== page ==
Failure analysis is a critical field used to detect chemical and mechanical defects in polymeric materials, pinpointing the factors that have contributed to or directly resulted in product failure. This analytical discipline plays a pivotal role in enhancing the properties and value of polymer products. In instances of severe product failure, failure analysis is instrumental in determining liability, especially in cases involving hazardous device failures.

The failure analysis process typically commences with a forensic evaluation of the failed component to ascertain the root cause of flaws. This initial step is crucial in guiding the selection of the most appropriate analytical methods for assessing the level of failure. It aids in informing corrective actions, ensuring that the failed product was manufactured in accordance with the required certifications, and aims to prevent future failures.


What Causes Polymer Failure?

Both internal (material properties) and external (environmental) factors may contribute to the degradation of polymeric products. However, performing failure analysis focuses on identifying the inherent cause of failure within the product itself. For instance, external thermodynamic or chemical stress can lead to the wear and eventual breakdown of polymers. Failure in response to specific strains is anticipated and may be deemed acceptable from a liability standpoint. Nevertheless, if a polymer fails to withstand strains within the predefined parameters of its application requirements, failure analysis is tasked with uncovering the root cause.

Common root causes of polymer failure encompass design flaws, the use of inappropriate raw materials, and the presence of contaminants within the product. These issues underscore the importance of rigorous quality control in manufacturing processes. This blog post will delve into some of the prevalent analytical techniques for performing failure analysis in greater depth.

Understanding Failure Investigations

Among the key aspects of failure investigations are the data collected regarding the failed component's chemical composition and physical properties. Analytical chemists employ various analysis techniques, depending on the type of failure and polymer chemistry at play to discern the root cause. Through these sophisticated analytical methods, experts can evaluate the impact of manufacturing processes, environmental factors, and the selection of raw materials on the integrity of the product.

The techniques employed can then be used, depending on results, to implement more robust quality control measures ensuring the same failure is not repeated. The insights gained from failure investigations are invaluable in refining the design, selection of materials, and manufacturing processes of polymeric products, ensuring they meet the rigorous demands of their applications.

Failure Analysis Methodologies

Gel Permeation Chromatography

Gel permeation chromatography (GPC) is most commonly used to determine a sample material's polymer molecular weight (MW) by standardizing its physical properties against industrial benchmarks. It is also used to assess material degradation for failure analysis of polymeric products by dissolving a small sample of the failed component in a solvent and assessing the molar mass of the analyte through chromatographic measurement. This generally requires an understanding of the molecular weight distribution of the successful end-product for comparison.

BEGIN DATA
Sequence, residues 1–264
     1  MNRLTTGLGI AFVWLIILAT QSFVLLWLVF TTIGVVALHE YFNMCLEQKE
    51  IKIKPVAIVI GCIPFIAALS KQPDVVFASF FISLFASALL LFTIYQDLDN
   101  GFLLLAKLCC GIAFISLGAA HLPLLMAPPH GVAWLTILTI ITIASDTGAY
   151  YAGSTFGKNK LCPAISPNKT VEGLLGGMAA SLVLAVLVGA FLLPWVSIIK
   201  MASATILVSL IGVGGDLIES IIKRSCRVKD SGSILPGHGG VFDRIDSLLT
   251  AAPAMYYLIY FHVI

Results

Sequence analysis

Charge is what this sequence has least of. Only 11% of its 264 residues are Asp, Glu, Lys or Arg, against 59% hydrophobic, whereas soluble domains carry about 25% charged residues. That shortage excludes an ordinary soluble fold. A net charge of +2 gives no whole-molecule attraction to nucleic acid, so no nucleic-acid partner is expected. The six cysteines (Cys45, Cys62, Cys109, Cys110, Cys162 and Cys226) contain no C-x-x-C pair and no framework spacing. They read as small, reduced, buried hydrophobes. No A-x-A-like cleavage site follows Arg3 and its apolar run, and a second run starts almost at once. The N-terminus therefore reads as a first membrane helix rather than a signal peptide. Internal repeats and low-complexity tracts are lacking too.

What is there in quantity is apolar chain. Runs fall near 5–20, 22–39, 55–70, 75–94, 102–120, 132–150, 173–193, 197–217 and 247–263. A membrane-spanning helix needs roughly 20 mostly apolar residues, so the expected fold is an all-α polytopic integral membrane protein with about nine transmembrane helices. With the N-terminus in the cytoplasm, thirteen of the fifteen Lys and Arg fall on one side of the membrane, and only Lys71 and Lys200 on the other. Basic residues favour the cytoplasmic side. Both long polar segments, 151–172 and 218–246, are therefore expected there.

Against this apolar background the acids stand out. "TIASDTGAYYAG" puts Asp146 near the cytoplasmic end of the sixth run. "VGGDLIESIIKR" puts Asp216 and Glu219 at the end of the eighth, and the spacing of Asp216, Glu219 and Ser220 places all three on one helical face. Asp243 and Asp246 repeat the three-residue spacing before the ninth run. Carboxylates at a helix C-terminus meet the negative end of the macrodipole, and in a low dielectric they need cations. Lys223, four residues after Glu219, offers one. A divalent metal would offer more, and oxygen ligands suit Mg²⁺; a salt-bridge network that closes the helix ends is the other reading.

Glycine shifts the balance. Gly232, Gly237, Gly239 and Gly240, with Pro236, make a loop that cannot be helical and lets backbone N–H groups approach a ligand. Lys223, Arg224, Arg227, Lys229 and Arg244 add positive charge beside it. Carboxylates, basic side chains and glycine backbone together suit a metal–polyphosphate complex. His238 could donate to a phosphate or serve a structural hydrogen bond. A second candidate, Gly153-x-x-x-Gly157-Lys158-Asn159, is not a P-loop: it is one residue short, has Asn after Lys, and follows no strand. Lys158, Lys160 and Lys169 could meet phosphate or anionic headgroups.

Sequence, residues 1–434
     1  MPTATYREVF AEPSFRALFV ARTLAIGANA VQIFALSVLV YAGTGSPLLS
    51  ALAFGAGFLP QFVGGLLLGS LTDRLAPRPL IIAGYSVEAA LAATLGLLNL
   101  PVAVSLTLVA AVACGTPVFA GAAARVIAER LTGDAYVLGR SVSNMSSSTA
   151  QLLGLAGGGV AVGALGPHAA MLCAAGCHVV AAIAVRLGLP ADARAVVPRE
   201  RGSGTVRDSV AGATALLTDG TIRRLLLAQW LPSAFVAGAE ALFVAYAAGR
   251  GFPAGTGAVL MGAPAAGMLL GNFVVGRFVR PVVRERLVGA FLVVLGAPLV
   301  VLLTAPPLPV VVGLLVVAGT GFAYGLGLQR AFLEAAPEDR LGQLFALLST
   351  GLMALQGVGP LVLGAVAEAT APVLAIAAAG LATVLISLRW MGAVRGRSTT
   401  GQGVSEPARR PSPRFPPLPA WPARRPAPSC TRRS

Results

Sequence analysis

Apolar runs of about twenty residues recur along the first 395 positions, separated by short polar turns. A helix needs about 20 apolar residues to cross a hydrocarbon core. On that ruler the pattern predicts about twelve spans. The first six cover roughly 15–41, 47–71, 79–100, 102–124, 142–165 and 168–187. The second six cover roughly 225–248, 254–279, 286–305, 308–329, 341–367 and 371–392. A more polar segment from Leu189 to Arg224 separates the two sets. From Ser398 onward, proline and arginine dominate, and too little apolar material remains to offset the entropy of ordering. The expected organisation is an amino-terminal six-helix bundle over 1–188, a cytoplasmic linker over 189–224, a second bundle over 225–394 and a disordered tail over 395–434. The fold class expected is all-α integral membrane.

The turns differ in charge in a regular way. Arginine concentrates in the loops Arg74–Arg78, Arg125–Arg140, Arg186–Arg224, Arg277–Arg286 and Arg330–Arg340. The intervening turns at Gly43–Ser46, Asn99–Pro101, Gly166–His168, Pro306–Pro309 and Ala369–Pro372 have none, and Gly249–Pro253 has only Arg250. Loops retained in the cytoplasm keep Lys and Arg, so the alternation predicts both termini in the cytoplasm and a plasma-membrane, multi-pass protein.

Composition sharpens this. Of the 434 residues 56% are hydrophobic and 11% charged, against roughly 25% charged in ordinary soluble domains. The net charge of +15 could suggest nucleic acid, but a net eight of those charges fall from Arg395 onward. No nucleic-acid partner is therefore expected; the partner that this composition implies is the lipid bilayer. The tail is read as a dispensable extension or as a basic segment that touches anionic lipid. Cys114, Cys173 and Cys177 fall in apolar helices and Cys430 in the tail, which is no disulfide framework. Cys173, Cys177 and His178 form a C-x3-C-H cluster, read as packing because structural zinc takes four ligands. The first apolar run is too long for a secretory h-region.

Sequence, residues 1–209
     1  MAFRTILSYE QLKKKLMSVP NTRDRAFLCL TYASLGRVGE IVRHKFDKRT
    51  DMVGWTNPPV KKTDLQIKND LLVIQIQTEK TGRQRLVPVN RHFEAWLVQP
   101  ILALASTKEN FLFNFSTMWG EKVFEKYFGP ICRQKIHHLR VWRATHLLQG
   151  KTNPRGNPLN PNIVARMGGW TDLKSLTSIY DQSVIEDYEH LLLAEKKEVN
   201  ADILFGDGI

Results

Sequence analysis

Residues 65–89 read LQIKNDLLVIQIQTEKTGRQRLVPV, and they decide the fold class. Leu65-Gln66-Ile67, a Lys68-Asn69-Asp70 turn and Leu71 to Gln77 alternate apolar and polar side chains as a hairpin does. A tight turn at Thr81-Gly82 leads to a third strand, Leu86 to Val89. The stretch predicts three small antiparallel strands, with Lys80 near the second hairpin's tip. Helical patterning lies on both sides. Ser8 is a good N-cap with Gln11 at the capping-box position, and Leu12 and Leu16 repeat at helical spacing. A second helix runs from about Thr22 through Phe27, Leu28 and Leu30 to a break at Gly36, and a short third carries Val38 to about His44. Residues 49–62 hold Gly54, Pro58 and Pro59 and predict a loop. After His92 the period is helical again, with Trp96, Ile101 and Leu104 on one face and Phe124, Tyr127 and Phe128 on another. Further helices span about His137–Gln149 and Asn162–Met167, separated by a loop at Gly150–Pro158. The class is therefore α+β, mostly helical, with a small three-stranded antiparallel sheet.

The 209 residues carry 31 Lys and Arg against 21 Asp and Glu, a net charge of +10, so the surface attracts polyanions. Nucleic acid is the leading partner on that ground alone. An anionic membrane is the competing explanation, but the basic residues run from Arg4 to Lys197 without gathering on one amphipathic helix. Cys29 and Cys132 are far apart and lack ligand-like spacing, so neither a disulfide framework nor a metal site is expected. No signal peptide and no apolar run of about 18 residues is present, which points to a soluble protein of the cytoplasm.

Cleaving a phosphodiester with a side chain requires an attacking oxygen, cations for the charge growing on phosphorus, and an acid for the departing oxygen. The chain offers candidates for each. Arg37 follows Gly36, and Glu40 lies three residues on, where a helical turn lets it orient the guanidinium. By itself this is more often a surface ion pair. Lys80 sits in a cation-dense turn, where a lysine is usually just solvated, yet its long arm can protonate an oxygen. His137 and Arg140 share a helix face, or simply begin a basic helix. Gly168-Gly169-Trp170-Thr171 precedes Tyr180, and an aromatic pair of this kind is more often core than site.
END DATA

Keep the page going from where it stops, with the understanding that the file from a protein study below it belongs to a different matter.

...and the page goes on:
Stereo Microscopy

Stereo microscopy is a nondestructive method of failure analysis that allows analysts to assess cracks in the surface of solid polymer products directly. It provides low magnification of an analyte material, with a magnifying range of 35 – 90x and two varying viewing angles for each eye.  Failures related to surface defects or other mechanical problems can be assessed.  For brittle materials, crack propagation analysis can provide further insight into the origin of failure.


FTIR microscopy enables analysts to assess the heterogeneity of sample materials to screen for compositional differences that could have contributed to mechanical failure. Small phase inconsistencies can be detected through microscopic analysis of surface molecules excited by infrared light. The absorption of light is recorded to create a chemical map of the surface composition and identify variations in the sample bulk.

Mass Spectrometry

Mass spectroscopy refers to a collection of techniques that measure the mass of individual chemical species. It is one of the most important methods of chemical analysis because the mass of a molecule is one of its most defining characteristics. Mass spectroscopy can be used to identify unknown chemicals and to determine their amount. This makes mass spectroscopy a very useful tool for forensic analysis as it enables the determination of the ingredients in a sample and allows comparisons of the amounts.

Mass spectrometers are highly sensitive instruments routinely capable of detection of chemicals in the parts-per-billion concentration range. Typical examples of mass spectroscopy techniques include liquid chromatography-mass spectroscopy (LCMS), gas chromatography-mass spectroscopy (GMCS) and pyrolysis mass spectroscopy (PYMS).

Jordi Labs, an RQM+ Company Service Labs is uniquely prepared to provide expert failure analysis to support corrective actions or to inform liability cases. With over 30 years’ experience of product failure analysis, we can accurately represent robust scientific data in an easy-to-understand manner.

If you would like any more information about our failure analysis methods, please do not hesitate to contact us today. Be sure to check out our Knowledge Center for more resources related to this topic!

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